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I often find this strange CDATA tag in XML files:


I have observed that this CDATA tag always comes at the beginning, and then followed by some stuff.

But sometimes it is used, sometimes it is not. I assume it is to mark that some data will be inserted after that. But what kind of data? Isn't anything I write in XML tags some sort of data?

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The CDATA section is not a tag and is not composed/enclosed in tags. There is no tag at all. Stop seeing tags everywhere. Makes me think of "Not the comp.text.sgml Frequently Asked Questions List" part 5 about terminology. – lkuty May 12 at 11:20

11 Answers 11

up vote 361 down vote accepted

CDATA stands for Character Data and it means that the data in between these strings includes data that could be interpreted as XML markup, but should not be.

The key differences between CDATA and comments are:

This means given these three snippets of XML from one well-formed document:

<!ENTITY MyParamEntity "Has been expanded">

Within this comment I can use ]]>
and other reserved characters like <
&, ', and ", but %MyParamEntity; will not be expanded
(if I retrieve the text of this node it will contain
%MyParamEntity; and not "Has been expanded")
and I can't place two dashes next to each other.

Within this Character Data block I can
use double dashes as much as I want (along with <, &, ', and ")
*and* %MyParamEntity; will be expanded to the text
"Has been expanded" ... however, I can't use
the CEND sequence (if I need to use it I must escape one of the
brackets or the greater-than sign).
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How can a character of the CEND sequence be escaped? – Thomas Sep 25 '15 at 8:17
You have to have two CDATA sections to concatenate the ]] and the > - see this answer for the hows and the whys. – Sean Vieira Sep 26 '15 at 17:21

A CDATA section is "a section of element content that is marked for the parser to interpret as only character data, not markup."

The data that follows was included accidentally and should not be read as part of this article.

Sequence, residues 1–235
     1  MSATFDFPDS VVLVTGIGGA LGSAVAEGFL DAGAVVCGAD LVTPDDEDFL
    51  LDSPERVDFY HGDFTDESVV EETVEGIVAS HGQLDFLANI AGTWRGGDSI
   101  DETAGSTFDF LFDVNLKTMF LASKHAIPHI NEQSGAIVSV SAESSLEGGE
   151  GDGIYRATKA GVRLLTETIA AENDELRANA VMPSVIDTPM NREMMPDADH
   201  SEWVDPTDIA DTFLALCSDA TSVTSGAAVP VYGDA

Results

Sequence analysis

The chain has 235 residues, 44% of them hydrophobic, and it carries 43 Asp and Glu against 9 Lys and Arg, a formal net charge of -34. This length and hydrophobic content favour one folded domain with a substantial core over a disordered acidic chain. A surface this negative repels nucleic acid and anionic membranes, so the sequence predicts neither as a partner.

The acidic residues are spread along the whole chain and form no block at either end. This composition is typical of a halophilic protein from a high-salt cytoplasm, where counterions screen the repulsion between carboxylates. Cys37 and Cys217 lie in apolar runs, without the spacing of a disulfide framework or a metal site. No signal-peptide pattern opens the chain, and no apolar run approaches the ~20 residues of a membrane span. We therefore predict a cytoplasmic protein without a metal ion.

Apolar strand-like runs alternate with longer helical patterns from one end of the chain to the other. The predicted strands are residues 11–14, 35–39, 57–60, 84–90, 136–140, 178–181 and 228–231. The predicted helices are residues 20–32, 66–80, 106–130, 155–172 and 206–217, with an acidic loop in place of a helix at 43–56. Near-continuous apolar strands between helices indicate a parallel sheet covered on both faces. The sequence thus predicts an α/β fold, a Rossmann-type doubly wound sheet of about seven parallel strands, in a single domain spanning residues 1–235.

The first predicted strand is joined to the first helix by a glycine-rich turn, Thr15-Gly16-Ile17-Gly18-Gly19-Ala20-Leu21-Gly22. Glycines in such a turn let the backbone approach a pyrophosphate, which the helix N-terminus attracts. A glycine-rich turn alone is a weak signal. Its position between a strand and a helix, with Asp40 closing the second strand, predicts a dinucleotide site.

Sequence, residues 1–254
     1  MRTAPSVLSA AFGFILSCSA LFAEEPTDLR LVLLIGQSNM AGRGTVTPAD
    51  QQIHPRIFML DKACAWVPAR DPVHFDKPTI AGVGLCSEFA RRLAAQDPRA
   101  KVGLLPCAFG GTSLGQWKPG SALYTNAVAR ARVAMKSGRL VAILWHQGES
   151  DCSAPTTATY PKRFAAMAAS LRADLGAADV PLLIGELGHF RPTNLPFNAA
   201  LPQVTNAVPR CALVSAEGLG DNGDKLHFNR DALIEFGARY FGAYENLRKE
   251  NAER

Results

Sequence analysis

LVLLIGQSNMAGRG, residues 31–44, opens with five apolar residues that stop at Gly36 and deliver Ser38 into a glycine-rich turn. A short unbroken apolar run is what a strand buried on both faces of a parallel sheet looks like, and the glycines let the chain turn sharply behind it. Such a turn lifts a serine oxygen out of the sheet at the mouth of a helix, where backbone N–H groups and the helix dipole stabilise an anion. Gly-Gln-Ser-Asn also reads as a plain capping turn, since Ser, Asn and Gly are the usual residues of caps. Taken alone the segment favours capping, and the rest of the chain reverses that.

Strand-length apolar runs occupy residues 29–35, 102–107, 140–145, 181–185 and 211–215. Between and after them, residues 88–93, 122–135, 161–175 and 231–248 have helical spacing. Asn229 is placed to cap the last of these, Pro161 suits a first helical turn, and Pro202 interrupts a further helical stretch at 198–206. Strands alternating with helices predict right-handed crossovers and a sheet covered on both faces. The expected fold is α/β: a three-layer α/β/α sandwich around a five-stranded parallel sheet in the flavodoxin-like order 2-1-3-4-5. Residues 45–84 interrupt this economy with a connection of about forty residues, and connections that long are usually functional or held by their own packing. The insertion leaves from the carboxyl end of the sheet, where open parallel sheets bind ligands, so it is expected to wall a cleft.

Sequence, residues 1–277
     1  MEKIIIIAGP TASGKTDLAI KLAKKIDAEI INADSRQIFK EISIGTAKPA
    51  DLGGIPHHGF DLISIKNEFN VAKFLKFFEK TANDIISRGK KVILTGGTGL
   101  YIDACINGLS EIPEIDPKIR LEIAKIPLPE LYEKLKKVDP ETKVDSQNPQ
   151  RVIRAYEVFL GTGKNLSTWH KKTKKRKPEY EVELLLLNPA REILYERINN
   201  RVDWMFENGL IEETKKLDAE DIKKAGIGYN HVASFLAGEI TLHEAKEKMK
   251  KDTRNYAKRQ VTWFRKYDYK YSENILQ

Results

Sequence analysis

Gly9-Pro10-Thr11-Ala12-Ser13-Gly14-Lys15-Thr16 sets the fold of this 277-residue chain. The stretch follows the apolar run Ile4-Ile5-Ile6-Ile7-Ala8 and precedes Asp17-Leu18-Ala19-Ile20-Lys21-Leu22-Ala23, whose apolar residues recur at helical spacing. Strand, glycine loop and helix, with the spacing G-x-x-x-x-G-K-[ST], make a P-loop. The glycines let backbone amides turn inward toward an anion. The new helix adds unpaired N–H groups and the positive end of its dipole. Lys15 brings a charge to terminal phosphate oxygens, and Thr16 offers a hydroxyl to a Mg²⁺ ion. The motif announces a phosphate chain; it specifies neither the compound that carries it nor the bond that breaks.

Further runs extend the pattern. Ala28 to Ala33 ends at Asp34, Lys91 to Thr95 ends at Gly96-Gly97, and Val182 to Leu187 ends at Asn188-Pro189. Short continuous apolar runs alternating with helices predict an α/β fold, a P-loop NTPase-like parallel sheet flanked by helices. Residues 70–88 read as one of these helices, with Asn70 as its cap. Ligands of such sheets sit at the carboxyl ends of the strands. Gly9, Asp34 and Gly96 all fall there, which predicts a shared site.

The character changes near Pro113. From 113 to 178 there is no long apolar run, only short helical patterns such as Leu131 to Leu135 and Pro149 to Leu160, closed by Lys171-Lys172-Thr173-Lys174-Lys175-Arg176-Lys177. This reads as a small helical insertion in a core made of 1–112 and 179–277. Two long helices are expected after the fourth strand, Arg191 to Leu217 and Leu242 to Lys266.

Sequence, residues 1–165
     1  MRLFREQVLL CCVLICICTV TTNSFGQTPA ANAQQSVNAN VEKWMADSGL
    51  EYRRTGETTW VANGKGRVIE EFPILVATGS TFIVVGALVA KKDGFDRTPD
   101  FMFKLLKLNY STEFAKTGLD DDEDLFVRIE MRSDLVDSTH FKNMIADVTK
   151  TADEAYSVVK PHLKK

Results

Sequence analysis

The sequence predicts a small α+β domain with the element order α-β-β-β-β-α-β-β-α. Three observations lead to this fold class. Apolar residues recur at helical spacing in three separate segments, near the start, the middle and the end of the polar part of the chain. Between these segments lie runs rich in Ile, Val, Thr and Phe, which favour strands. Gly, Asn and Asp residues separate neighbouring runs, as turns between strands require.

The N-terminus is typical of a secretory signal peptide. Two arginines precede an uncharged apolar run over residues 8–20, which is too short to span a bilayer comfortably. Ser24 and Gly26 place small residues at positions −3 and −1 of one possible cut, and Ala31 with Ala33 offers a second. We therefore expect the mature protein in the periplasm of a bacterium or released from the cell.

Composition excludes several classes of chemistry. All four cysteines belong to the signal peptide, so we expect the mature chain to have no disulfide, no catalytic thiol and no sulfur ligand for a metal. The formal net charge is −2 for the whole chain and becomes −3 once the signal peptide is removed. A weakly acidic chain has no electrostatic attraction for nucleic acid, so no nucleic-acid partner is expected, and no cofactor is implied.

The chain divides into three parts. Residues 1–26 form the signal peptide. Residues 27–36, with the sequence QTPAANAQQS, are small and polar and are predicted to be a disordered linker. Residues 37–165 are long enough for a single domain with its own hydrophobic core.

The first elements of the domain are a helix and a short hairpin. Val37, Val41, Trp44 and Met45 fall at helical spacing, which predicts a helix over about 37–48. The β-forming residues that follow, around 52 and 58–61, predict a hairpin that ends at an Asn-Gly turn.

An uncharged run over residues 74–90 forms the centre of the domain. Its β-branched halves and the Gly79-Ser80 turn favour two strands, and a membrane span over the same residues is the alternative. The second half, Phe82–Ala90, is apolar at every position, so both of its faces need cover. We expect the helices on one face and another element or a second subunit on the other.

Syntactically, it behaves similarly to a comment:

    Since this is a comment
    I can use all sorts of reserved characters
    like > < " and &
    or write things like
    but my document is still well-formed!

... but it is still part of the document:

    Since this is a CDATA section
    I can use all sorts of reserved characters
    like > < " and &
    or write things like
    but my document is still well formed!

Try saving the following as a .xhtml file (not .html) and open it using FireFox (not Internet Explorer) to see the difference between the comment and the CDATA section; the comment won't appear when you look at the document in a browser, while the CDATA section will:

<?xml version="1.0" encoding="UTF-8" standalone="no" ?>
<!DOCTYPE html PUBLIC "-//W3C//DTD XHTML 1.0 Transitional//EN" "">
<html xmlns="" xml:lang="en" lang="en" >
<title>CDATA Example</title>

<h2>Using a Comment</h2>
<div id="commentExample">
You won't see this in the document
and can use reserved characters like
< > & "

<h2>Using a CDATA Section</h2>
<div id="cdataExample">
You will see this in the document
and can use reserved characters like
< > & "


Something to take note of with CDATA sections is that they have no encoding, so there's no way to include the string ]]> in them. Any character data which contains ]]> will have to - as far as I know - be a text node instead. Likewise, from a DOM manipulation perspective you can't create a CDATA section which includes ]]>:

var myEl = xmlDoc.getElementById("cdata-wrapper");
myEl.appendChild(xmlDoc.createCDATASection("This section cannot contain ]]>"));

This DOM manipulation code will either throw an exception (in Firefox) or result in a poorly structured XML document:

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Then why "ý" is not allowed in CDATA? – bjan Jul 13 '13 at 5:19
@bjan - What makes you think that's an illegal character? Sounds like you might have an encoding problem. – Richard JP Le Guen Jul 13 '13 at 5:21
I opened the doc in IE, i am also using MSXML parser which declared it as an invalid character. I have an xsd in which it is declared as "type="xs:string"". Is it related with encoding or xml version? – bjan Jul 13 '13 at 5:42
CDATA is parsed and only valid range of characters are allowed here as well, it is used to escape blocks of text containing characters which would otherwise be recognized as markup – bjan Jul 13 '13 at 6:55
So we could use CDATA to smuggle some HTML into the XML document, so that the HTML doesn't confuse the XML document structure, and then use XSLT later to pull it out and spit it into a HTML document that is being output. – Kaz Oct 3 '13 at 6:10